Special Report: Iran Nuclear Crisis
TEHRAN, Dec. 8 (Xinhua) -- Iran, the world's fourth
largest oil exporter, has completely stopped selling its oil in U.S. dollars,
the ISNA news agency reported on Saturday.
"In line with the policy of selling crude oil in
non-dollar currencies, currently selling our country's oil in U.S. dollars has
been completely stopped," Iran's Oil Minister Gholam Hossein Nozari was quoted
"The dollar is an unreliable currency in regards to
its devaluation and the loss oil exporters have endured from this trend," he
"This is why Iran proposed to OPEC members that a
currency (for selling oil) would be determined that would be reliable and would
not cause any loss to exporter countries," Nozari said. He was referring to the
November summit of the Organization of Petroleum Exporting Countries (OPEC) in
Saudi Arabia in which Iran proposed that it is necessary to replace the U.S.
dollar with other major hard currencies in oil trading.
Over the past months, Iran has massively reduced its
dependence on the U.S. dollar in a bid to counter the United States' pressures
on its financial system over Tehran's disputed nuclear program.
U.S. demands Iran provide information
about missing former FBI agent
WASHINGTON, Dec. 6 (Xinhua) -- The United States demanded
on Thursday that Iran share any possible information about former FBI agent
Robert Levinson who allegedly went missing in a business trip to the southern
Iranian island of Kish in March.
Speaking to reporters, State Department deputy
spokesman Tom Casey said that Iran had conducted an investigation about Levinson
but not shared any findings with Washington or with the Levinson family. Full story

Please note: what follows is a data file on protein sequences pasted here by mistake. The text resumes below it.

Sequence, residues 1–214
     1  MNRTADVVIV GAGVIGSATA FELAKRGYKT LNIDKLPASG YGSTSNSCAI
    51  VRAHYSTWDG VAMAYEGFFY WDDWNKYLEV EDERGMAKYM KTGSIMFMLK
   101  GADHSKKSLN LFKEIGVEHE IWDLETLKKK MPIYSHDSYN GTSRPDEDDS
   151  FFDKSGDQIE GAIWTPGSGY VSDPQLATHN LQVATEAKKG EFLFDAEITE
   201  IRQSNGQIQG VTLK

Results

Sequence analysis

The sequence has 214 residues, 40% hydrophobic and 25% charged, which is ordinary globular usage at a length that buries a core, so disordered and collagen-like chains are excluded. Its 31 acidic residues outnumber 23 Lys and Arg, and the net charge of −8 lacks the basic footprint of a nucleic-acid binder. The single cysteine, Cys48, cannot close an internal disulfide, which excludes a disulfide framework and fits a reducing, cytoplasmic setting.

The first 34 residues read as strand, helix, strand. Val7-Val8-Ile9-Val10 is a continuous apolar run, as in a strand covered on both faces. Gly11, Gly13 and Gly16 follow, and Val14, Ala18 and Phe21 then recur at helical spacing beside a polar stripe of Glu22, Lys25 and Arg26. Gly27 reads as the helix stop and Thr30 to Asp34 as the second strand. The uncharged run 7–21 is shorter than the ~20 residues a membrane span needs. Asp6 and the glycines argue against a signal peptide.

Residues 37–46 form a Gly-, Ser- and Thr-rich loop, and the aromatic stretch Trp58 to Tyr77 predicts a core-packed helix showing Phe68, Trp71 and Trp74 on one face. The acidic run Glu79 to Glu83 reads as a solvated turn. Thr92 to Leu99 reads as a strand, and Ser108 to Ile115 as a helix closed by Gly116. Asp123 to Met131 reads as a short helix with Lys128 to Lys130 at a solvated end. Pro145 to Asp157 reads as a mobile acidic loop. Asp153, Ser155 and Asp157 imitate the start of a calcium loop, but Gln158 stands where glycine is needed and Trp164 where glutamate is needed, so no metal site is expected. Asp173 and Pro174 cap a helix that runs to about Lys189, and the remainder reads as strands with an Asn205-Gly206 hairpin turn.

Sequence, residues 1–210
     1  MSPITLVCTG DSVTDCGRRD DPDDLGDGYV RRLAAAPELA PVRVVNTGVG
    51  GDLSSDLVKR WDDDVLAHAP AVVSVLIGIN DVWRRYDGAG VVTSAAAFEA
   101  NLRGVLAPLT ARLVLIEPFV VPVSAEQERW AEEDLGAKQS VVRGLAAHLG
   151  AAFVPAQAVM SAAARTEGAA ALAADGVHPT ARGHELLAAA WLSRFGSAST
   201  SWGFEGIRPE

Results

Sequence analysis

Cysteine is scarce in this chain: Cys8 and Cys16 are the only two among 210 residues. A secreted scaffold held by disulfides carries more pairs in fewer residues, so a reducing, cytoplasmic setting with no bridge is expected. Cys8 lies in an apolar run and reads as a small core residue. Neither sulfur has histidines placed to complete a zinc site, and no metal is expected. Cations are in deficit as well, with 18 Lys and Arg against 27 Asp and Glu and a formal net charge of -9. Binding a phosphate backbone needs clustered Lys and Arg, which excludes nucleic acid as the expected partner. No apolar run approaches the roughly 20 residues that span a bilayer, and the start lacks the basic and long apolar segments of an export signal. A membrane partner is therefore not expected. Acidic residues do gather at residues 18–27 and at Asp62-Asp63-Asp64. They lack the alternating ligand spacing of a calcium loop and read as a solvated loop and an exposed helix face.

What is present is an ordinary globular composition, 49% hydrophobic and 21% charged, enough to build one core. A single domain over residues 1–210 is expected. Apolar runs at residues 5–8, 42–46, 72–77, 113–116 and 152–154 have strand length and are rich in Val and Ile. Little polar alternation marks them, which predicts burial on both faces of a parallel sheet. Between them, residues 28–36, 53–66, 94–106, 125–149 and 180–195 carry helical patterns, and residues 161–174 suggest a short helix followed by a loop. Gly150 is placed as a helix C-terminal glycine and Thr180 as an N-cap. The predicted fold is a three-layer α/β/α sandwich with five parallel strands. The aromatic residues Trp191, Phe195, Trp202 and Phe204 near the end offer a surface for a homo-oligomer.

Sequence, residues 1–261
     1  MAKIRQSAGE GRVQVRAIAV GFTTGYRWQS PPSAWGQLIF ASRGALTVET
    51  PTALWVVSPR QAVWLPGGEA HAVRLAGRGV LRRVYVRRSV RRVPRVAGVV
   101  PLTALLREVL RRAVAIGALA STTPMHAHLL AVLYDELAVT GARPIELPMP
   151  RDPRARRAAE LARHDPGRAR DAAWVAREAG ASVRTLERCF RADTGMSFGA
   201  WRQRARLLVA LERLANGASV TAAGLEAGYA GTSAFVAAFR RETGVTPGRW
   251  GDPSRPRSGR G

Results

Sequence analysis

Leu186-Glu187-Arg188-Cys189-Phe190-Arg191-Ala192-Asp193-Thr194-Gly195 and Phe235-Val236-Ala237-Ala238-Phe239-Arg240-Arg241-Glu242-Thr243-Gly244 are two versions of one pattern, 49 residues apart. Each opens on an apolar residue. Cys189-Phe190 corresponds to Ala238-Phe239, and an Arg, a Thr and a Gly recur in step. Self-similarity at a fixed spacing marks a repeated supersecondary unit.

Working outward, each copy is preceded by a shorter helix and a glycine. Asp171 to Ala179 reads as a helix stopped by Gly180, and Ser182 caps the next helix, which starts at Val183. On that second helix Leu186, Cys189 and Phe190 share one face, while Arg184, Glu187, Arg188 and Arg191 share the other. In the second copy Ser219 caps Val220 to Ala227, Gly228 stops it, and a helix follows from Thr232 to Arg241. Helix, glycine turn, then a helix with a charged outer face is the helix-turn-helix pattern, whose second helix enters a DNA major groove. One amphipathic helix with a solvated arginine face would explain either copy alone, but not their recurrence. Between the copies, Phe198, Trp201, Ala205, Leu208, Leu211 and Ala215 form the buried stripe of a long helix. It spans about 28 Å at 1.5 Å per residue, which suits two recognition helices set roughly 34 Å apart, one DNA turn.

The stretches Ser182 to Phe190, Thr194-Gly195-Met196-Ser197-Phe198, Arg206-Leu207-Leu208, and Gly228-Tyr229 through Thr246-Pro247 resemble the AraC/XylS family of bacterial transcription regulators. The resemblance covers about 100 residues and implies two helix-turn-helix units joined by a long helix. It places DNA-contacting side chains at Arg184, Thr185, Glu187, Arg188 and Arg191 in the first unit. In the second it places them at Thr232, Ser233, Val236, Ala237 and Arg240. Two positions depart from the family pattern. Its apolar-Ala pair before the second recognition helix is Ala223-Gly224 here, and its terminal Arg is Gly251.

Ahmadinejad calls U.S. intelligence
report a "victory" for Iran's nuke program
TEHRAN, Dec. 5 (Xinhua) -- Iranian President Mahmoud
Ahmadinejad said on Wednesday that the recently-released U.S. intelligence
report was a "great victory" for Tehran's nuclear program, the state television
"Over our nuclear program, this is a great victory
for the Iranian people against the great powers," Ahmadinejad was quoted as
telling thousands of people in the Western Ilam province. Full story
Report: Iran ceases nuke work in
A view of the underground uranium
enrichment plant at Natanz, Iran , is seen in this DigitalGlobe satellite
image released with notations by the Institute for Science and
International Security (ISIS) on April 16, 2006. (Xinhua/AFP)
WASHINGTON, Dec. 3 (Xinhua) -- Iran halted work toward a nuclear
weapon in 2003 and is unlikely to be able to produce enough enriched uranium for
a bomb until 2010 to 2015, according to a new U.S. intelligence report.
A declassified summary of the latest National
Intelligence Estimate that came out Monday, found with "high confidence" that
the Iran stopped an effort to develop nuclear weapons in the fall of 2003. Full story
Iran welcomes U.S.
BEIJING, Dec. 6 -- Iran has declared victory over the
United States after the release of a U.S. intelligence report, which says Iran
halted its nuclear weapons program in 2003 due to international scrutiny and
But, US President George W. Bush said the report was
a warning signal and insisted Iran's nuclear program remains a threat. Full story
Bush insists Iran's nuclear program
U.S. President George W. Bush listens to
questions during a news conference at the White House in Washington, Dec.
4, 2007. (Xinhua/Reuters Photo)
WASHINGTON, Dec. 4 (Xinhua) -- U.S. President George W.
Bush insisted Tuesday that Iran remained a danger and military options were
still on the table one day after a U.S. intelligence report said Tehran halted
its nuclear weapons program in 2003.
"The best diplomacy, effective diplomacy, is one in
which all options are on the table," Bush said at a White House news conference.
Iran says abandoning nuclear
Iran's nuclear negotiator Saeed Jalili
speaks at a news conference at the Iranian Embassy in London Nov. 30,
2007. He said on Friday that it was "unacceptable" for Iran to give
up its right for nuclear enrichment. (Xinhua/Reuters Photo)
LONDON, Nov. 30 (Xinhua) -- Iran's chief nuclear
negotiator Saeed Jalili said here on Friday that it was "unacceptable" for Iran
to give up its right for nuclear enrichment.
"Iran is a member of the NPT (Nonproliferation
Treaty), which means it has the right to enrich uranium," Jalili told reporter
after five hours of talks with European Union foreign policy chief Javier Solana
in London. Full story